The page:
After my interview with Michael today, he gave me not one but TWO great hugs and offered me a month of free tea membership at The Center. That to me embodied the magic of Burning Man – unexpected kindness that comes from those that you may least expect.

Acro Yoga

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It turns out not a lot of people knew that for the past two months or so I’ve been practicing Acro Yoga pretty regularly. It started back in January (while maybe slightly drunk) when a new friend showed me the ropes on some poses during a party. While I didn’t think about it legitimately until this summer, I decided to start taking some real classes on a weekly basis.

I bought a membership to an aerial studio in SoMa – they also have classes for silks or rings. Think acrobatics, mostly. The other part of the studio is for acro which is what I have taken to. I am so eager and ready to learn more and coming to class once a week has been amazing but very challenging.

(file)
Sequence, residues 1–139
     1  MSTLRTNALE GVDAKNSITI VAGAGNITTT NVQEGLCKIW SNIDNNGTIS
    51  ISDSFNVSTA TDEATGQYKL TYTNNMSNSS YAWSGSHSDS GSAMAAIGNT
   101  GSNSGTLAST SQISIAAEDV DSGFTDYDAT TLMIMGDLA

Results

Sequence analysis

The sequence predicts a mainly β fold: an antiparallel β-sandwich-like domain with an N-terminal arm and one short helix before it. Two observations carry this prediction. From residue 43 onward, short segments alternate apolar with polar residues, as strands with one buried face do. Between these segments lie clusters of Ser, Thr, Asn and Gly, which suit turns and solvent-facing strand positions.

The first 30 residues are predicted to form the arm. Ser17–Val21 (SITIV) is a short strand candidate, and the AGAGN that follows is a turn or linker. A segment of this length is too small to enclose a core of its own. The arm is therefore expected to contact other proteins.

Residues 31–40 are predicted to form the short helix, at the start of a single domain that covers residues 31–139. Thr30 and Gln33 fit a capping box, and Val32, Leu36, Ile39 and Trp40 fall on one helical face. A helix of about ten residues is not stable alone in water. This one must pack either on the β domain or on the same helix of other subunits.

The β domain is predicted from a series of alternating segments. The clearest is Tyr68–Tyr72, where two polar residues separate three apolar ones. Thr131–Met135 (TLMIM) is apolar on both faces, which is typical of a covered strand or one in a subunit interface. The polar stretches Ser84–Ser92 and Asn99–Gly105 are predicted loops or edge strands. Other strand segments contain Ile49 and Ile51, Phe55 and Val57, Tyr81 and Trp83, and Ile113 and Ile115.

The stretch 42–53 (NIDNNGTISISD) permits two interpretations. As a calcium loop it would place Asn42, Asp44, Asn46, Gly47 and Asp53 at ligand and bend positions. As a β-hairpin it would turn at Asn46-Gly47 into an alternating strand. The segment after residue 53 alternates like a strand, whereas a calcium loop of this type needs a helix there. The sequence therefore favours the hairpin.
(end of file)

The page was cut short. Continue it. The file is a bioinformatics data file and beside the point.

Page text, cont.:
I got Drew more interested in it as well, which means that he can be the base and I can be the flyer and then we can jam together in the park when he “works from home” some days. We’re having a lot of fun practicing together and learning how to communicate about different movements and flows between our bodies. For the most part we’ve been pretty good… but that’s not to say Drew hasn’t dropped me on my head before.

The main reason I’ve loved it so much is because I think it’s amazing to watch and I’m so inspired by people who are really skilled at it. I love watching YouTube and Instagram videos of pairs of people doing insane things on top of each other’s bodies that I never thought possible. But then again I didn’t think my body could do some of the things that it has learned the past 10 weeks.

I am excited to sign up for a 15-hour weekend intensive to fully immerse myself in acro. It’ll be challenging to keep my stamina and core strong for that long, but I will come out of it so much better (I hope!). For those of you who don’t know what acro yoga is, watch this video. Maybe that’ll be me one day!